In the previous post, I discussed a few thoughts, ideas and myths surrounding our posture. A key concept is that posture actually isn’t tied very strongly to back pain. There are still good reasons to learn and practice good posture though.
Proper posture while lifting
Let’s think of a squat or deadlift. In these exercises, the legs are the engines that drive the exercise. They provide the “oomph” to move the barbell (or whatever implement) we’re holding in your arms/hands. The trunk is the transmission between the engines and the arms/hands/object.
The deadlift done wrong (left) and well (right.)
Keeping the spine braced in a neutral position ensures the best, most efficient transfer of force from the legs into the barbell. If the spine twists or bends then we leak force and risk injury.
Glutes, abs and shoulder muscles are engaged. Keep it this way during a push-up.
Similarly, look at a push-up. Here, the arms and the shoulders are the drivers and the rest of the body is the implement we’re moving. We again want to keep the trunk rigid and braced, not loose, deflated and floppy. With proper technique we get a more thorough range of motion and stimulate the working muscles more. By doing a push-up in good posture, you’ll essentially get more out of the exercise than if you do it with poor posture. Risk of shoulder and back injury is reduced too.
Bad push-up! No!
We can expand our view of posture out to any number of sports from running to golf to tennis to whatever else you like. In the vast majority of our sports, we want to keep solid posture so we can most effectively transmit force (usually) into the ground and into something like a club, a ball or an opponent.
In the grand scheme, good solid posture will enable you to lift more weight which will enable you to reach your fitness goals faster and more effectively. We can also make our sporting movements more effective through the use of good posture. You’ll avoid injury too which will allow you to train longer and more consistently.
Posture and safety.
Okay, in the last post, I mentioned that pain isn’t strongly linked to posture. Yet in this post (above) I’ve suggested that braced, neutral posture while lifting can help prevent injury. Am I contradicting myself? Not entirely.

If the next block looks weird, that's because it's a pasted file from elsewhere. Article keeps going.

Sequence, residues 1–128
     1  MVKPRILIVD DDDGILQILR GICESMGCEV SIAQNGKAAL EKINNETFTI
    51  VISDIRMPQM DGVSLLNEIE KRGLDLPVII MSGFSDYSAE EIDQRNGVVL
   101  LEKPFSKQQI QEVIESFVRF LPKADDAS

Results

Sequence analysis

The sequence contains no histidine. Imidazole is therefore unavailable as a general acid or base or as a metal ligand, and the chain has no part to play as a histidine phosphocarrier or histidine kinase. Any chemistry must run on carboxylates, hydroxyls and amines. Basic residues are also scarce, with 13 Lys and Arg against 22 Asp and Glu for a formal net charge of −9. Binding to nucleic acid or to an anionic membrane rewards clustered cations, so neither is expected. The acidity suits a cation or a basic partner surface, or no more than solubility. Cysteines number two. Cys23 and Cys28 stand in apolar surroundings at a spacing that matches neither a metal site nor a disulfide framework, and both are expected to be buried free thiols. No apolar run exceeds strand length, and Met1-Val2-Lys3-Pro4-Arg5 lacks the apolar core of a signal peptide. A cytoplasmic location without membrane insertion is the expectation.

If we load our joints at the far ends of where they can move then we do risk doing damage to joint tissues and this may bring on pain. So we want to avoid excessive spinal flexion, and/or spinal extension, and/or spinal twisting when lifting. Yes our spine can and should bend and twist, just not under heavy load. Rather we should put the spine in neutral and brace with the trunk muscles before we lift.
Posture for looks
Why do most people work out? Looks, no? For most of us, looks is somewhere on our list of reasons we exercise. We want to look lean and strong. Adopting good, erect, tall posture will instantaneously improve our appearance. Incredible! Tall posture makes us appear leaner and stronger. Slumped posture makes us look pudgy and weak. Look at the pictures and you be the judge.
(Ironically, when I look around the gym, I see lots of people exercising in very bad posture. Presumably they want good looks yet they engage in activities that only reinforce bad posture. Crunches may be the most effective way of promoting slumped, head-forward-style bad posture.)
Posture and confidence — (Yes posture and the brain are linked!)
The same tall posture described above makes you feel better and more confident. Don’t believe me?
He looks like a leader.
Here’s the abstract from a study looking at this phenomenon (emphasis is mine.):
“Building on the notion of embodied attitudes, we examined how body postures can influence self-evaluations by affecting thought confidence, a meta-cognitive process. Specifically, participants were asked to think about and write down their best or worse qualities while they were sitting down with their back erect and pushing their chest out (confident posture) or slouched forward with their back curved (doubtful posture). Then, participants completed a number of measures and reported their self-evaluations. In line with the self-validation hypothesis, we predicted and found that the effect of the direction of thoughts (positive/negative) on self-related attitudes was significantly greater when participants wrote their thoughts in the confident than in the doubtful posture. These postures did not influence the number or quality of thoughts listed, but did have an impact on the confidence with which people held their thoughts.”
Here’s an excerpt from an article in Scientific American on the same subject:
“More impressively, expansive postures also altered the participants’ hormone levels. Using salivary samples, Carney and colleagues found that expansive postures led individuals to experience elevated testosterone (T) and decreased cortisol (C). This neuroendocrine profile of High T and Low C has been consistently linked to such outcomes as disease resistance and leadership abilities.”
“Together, these recent discoveries bolster the notion that power is grounded in the body. Not only does power change the body, but altering one’s postures changes one’s power, or at least the psychological experience of it.”
Finally, for a little more about the power of posture, here’s Amy Cuddy discussing the topic in a TED Talk: